Song debut: Vanishing Kids, “Mockingbird”

The Madison band plunges into the gloom as it works on a new album.


Vanishing Kids are, from left to right, Jerry Sofran, Nikki Drohomyreky, Hart Allan Miller, and Jason Hartman.

Vanishing Kids are, from left to right, Jerry Sofran, Nikki Drohomyreky, Hart Allan Miller, and Jason Hartman.

Madison band Vanishing Kids‘ work so far has been about finding coherence in a disoriented swirl of influences—brooding post-punk, jagged metal, synth-driven prog, preening psych-rock. On their last album, 2012’s Spirit Visions, the balance among all those different sounds tends to change wildly from song to song.

But lately the band has been playing live sets of new material that pares it all down and explores a more focused vein of plodding, ghostly gloom. It probably helps that founding members Nikki Drohomyreky (synths, vocals) and Jason Hartman (guitar) have settled in with a long-term rhythm section for the first time since moving back to Madison from Portland several years ago. Bassist Jerry Sofran has spent years playing in metal bands in northern Illinois, and drummer Hart Allan Miller also plays for Appleton crust-metal blasters Wartorn, so naturally they accentuate Vanishing Kids’ heavy side, but in a patient and restrained way.

“This lineup has really been a collaborative writing unit, so that has been a change in itself and a cerebral and visceral artistic process,” Drohomyreky says. “Everyone is an experienced, skilled player, so it has been challenging learning when to lay back and when to shred, finding our places.”

The laying-back part is what mostly carries the new track “Mockingbird.” Miller and Sofran find the tension in a slow, doom-inspired groove, and Drohomyreky unspools a mournful and languid vocal melody. Drohomyreky‘s gorgeously warped vocal style and a fair bit of reverb obscure the words, except for the chorus’ cry of “redeemer!” (The only thing she’ll tell me about the theme of lyrics is “Ultimately, self worth is deceiving,” so that’s what cracking open a goth fortune cookie must be like.) The shredding part here falls to Hartman, in a fleet but appropriately wrenching solo near the end of the song.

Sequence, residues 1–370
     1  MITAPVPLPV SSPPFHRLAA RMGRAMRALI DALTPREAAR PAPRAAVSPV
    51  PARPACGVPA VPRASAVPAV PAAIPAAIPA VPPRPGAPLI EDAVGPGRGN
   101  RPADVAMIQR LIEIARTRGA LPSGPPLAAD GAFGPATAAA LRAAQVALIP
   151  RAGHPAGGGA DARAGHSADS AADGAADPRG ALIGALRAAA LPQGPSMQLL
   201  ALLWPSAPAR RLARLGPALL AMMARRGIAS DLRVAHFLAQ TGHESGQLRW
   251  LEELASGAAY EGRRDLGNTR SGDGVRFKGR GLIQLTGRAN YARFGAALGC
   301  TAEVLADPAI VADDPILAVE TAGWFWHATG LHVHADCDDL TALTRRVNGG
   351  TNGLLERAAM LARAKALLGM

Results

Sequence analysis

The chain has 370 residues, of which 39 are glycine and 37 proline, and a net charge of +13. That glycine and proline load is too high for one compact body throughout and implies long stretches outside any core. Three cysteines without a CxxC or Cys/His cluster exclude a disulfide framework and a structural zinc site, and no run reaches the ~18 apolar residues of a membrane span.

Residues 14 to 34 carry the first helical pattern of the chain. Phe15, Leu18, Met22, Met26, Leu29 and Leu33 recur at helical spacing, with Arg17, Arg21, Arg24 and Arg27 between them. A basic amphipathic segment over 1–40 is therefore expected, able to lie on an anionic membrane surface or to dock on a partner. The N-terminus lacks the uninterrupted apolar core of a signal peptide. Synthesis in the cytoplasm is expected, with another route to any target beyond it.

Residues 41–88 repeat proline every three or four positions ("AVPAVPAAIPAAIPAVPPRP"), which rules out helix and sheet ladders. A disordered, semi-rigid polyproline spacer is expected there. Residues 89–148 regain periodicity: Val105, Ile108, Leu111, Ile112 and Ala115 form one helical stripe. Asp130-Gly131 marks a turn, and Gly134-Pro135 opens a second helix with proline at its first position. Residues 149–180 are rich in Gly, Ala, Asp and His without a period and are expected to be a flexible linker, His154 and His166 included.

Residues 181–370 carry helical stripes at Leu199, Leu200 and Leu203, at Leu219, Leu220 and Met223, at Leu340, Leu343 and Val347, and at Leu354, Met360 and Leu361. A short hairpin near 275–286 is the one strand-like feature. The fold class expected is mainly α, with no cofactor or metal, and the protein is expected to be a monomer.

“We are consciously trying to write in a more traditional song format,” Hartman says. “We are all trying to focus on the song and omit anything that’s unnecessary… In general our influences are always changing and in these new tracks I think we are mixing up psych, doom, classic rock and soul.”

“Mockingbird” is one of four new songs the band is releasing on a tour EP, available starting at their Friday, May 6 show at The Frequency opening for L.A. Witch. They also plan to include these tracks on their next album. Give “Mockingbird” a listen here.

Help us publish more stories like this one.

Local art shows how people in Madison think and feel—how Madison looks, and how Madison looks at itself.



Will you help us raise $2,000 to shore up our budget for editorial art?



Will you help us raise $2,000 to hire more local artists?

This site uses cookies to provide you with a great user experience. By continuing to use this website, you consent to the use of cookies in accordance with our privacy policy.

Scroll to Top